The Forgotten Man is back with a vengeance.
Since Amity Shlaes revived the phrase in the title of her best-selling history of the Great Depression, “the Forgotten Man” has come to stand in for the losers in the left’s identity politics.
Thus, the 21st-century Forgotten Man has a conventional-sounding name, is heterosexual, never went to graduate school, and does not know where the 202 area code is. (It’s Washington, D.C.)
The Forgotten Man has been featured in The Wall Street Journal and The New Yorker. President Donald Trump name-checked this retro superhero in his Nov. 9 victory speech and his inaugural address: “The forgotten men and women of our country will be forgotten no longer.”
And this Wednesday, Sen. Mike Lee, R-Utah, will address the Forgotten Man directly in a speech at The Heritage Foundation.
Despite all the attention, the Forgotten Man remains a misunderstood figure. He and his wife, the Forgotten Woman, were created by the acerbic pen of William Graham Sumner, a 19th-century Yale professor and one of the first American sociologists.
Sumner’s essay provides guidance and warning to modern conservatives who want to champion the forgotten.
Sumner defines the Forgotten Man:
He is the clean, quiet, virtuous, domestic citizen, who pays his debts and his taxes and is never heard of out of his little circle. … His name never gets into the newspaper except when he gets married or dies.
The Forgotten Man takes precautions, saves (even if he earns little), avoids excess, and does not make himself a burden on society.
Sumner offers three principles for public policy to benefit the Forgotten Man:
1. Be chary of charitable feelings.
Sumner, who was a social Darwinist, decried the influence of sentimentality upon public policy by means of the printing press. Just imagine if he had lived to see Instagram. “It may shock you to hear me say it,” writes Sumner, “but when you get over the shock, it will do you good to think of it: A drunkard in the gutter is just where he ought to be.” The cost of the policeman who interferes to “save the drunkard from himself” is borne by the wages of the Forgotten Man.
Although most conservatives will reject Sumner’s extreme libertarianism (he even dislikes private charity), the basic truth still stands: The cost of social insurance falls on “the industrious workman going home from a hard day’s work,” and the benefit goes to the prodigal son.
2. Regulation costs the Forgotten Man.
As early as 1883, Sumner could write, “each party takes turns, according as it is in or out, supporting or denouncing the non-interference theory.” The party in power always found something it wanted to regulate.
Regulation, he argues, benefits those it restrains, “reliev[ing] negligent people of the consequences of their negligence.” By contrast, the Forgotten Man, “if let alone, would make a reasonable use of his liberty without abusing it.”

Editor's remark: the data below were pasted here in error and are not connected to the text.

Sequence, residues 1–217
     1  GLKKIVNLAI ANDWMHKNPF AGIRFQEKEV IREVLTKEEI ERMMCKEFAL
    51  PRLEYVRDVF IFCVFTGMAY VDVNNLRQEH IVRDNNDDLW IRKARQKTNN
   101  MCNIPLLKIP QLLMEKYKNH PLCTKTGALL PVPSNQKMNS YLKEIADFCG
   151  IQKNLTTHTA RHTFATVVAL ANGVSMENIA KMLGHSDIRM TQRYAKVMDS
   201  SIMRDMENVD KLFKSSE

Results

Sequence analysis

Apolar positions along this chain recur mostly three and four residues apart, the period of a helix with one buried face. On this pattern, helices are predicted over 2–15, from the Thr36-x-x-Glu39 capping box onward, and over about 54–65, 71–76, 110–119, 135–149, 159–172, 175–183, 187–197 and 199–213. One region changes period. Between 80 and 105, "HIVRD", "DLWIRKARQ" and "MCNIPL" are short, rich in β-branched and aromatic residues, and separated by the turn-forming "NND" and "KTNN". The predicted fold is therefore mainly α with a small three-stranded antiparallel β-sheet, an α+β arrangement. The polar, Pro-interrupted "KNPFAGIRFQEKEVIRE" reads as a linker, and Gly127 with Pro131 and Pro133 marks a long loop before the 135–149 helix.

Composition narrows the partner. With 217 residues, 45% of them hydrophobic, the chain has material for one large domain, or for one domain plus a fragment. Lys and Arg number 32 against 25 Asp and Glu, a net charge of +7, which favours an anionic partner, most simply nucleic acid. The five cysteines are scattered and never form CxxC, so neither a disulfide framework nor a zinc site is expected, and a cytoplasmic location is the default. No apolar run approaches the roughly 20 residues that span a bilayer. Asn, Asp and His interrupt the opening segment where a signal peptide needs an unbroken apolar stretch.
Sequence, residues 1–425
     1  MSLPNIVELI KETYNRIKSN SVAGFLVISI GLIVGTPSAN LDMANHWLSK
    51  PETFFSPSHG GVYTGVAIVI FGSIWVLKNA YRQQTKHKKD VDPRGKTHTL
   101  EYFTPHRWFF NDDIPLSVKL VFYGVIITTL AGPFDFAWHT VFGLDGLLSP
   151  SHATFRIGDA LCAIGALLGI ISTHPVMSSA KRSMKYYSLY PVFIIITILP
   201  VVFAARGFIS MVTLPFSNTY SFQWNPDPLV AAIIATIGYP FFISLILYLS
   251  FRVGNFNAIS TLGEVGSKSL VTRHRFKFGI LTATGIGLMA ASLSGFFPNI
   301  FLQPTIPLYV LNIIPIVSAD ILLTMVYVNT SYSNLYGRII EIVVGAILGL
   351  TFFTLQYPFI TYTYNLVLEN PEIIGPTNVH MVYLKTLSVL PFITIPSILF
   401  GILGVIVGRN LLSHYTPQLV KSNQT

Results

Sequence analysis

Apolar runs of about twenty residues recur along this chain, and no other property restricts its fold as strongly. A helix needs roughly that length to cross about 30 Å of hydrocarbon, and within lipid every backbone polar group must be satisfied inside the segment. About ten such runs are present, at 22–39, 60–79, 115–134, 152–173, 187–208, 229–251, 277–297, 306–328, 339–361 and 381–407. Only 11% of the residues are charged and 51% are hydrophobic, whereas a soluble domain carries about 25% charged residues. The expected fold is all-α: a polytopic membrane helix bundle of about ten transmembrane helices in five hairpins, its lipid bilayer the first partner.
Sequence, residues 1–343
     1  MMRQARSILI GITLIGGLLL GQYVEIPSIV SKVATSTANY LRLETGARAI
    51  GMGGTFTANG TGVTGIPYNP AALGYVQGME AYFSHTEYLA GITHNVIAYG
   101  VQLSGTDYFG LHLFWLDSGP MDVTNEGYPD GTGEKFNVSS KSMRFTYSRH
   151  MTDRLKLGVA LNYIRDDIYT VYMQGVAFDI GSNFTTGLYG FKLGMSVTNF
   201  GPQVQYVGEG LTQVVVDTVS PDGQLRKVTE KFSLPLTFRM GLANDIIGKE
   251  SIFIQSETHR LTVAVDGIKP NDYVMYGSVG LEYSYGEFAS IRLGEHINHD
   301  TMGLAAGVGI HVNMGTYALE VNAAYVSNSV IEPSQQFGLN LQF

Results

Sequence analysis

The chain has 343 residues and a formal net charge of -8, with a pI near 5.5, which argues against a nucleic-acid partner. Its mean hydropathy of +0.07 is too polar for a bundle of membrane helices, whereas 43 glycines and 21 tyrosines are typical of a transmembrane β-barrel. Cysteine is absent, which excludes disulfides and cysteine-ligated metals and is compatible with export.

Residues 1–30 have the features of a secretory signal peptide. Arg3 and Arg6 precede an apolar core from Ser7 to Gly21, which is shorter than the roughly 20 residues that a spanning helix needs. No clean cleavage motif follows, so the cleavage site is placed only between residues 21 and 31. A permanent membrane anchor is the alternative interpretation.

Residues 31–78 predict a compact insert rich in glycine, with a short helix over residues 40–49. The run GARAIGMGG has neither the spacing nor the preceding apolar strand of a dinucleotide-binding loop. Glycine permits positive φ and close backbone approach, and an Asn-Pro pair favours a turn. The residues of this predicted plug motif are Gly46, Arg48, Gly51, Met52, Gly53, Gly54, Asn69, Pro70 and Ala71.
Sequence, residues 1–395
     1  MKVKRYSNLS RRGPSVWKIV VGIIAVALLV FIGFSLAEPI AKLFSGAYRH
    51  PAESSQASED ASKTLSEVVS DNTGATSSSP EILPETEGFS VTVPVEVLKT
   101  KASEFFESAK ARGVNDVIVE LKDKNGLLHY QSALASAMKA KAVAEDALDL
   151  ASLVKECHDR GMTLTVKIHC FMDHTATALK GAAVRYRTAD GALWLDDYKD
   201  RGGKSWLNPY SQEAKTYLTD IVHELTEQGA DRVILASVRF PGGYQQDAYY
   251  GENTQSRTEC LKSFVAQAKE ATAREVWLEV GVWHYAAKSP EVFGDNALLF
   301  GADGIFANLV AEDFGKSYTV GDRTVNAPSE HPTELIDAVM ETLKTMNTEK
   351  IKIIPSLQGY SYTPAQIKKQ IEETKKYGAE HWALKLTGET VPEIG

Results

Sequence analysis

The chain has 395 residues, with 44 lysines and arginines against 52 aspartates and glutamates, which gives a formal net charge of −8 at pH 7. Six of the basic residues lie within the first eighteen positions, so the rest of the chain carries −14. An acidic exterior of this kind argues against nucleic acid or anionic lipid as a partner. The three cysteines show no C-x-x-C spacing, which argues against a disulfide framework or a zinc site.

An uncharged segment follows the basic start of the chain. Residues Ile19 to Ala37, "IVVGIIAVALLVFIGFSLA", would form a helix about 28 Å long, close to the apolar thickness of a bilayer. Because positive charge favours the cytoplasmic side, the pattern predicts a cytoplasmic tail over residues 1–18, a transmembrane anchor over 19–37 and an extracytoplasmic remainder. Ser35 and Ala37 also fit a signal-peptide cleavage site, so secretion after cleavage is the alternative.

Even worse, regulation and social programs deprive citizens of “the true education in freedom which is needed to support free institutions” and maintain free, democratic government.
3. Drain the swamp.
When legislation is passed to benefit some subset of society, the Forgotten Man is left to pick up the tab.
Infrastructure improvements that benefit a specific locality? The Forgotten Man pays. Bailouts for failed telegraph investments? The Forgotten Man pays. Job-creation programs aimed at political supporters? The Forgotten Man pays.
What a modern economic textbook would call “rent-seeking,” Sumner calls “jobbery.” He continues: “The biggest job of all is the protective tariff,” which was imposed on foreign commodities, including thread. Sumner shows how this proud industrial policy pushed the Forgotten Woman deeper into poverty.
When you go to Willimantic, they will show you with great pride the splendid thread mills there. … If a [sewing] woman earns 50 cents in 12 hours … she works a quarter of an hour per day to support the Willimantic linen company, which in 1882 paid 95 per cent dividend to its stockholders. If you go and look at the mill, it will captivate your imagination until you remember all the women in all the garrets, and all the artisans’ and laborers’ wives and children who are spending their hours of labor, not to get goods which they need, but to pay for the industrial system.
Finally, Sumner’s warning: We too readily allow exciting and novel causes to guide our decision-making.
Whenever a pestilence like yellow fever breaks out in any city, our attention is especially attracted towards it, and our sympathies are excited for the sufferers. If contributions are called for, we readily respond. Yet the number of persons who die prematurely from consumption every year greatly exceeds the deaths from yellow fever or any similar disease when it occurs, and the suffering entailed by consumption is very much greater.
If he were writing today, Sumner might contrast the very few deaths that occur in airplane crashes and terrorist attacks, yet attract global media coverage. Meanwhile, far more deaths take place in routine car collisions.
The virtuous and prudent Forgotten Man does not allow himself to be taken in by the hype, and he always wears his seatbelt.
Perhaps Sumner never imagined that we would elect a president who would explicitly appeal to the Forgotten Man. But two presidents have done so—before Trump, President Franklin Delano Roosevelt called his policies a plan for the “forgotten man at the bottom of the economic pyramid.” But, as Shlaes’ book details, Roosevelt proceeded to violate every tenet of Sumner’s essay.
The Forgotten Man gets a second chance now, with a new president as his champion. Time will tell if he’s finally been remembered.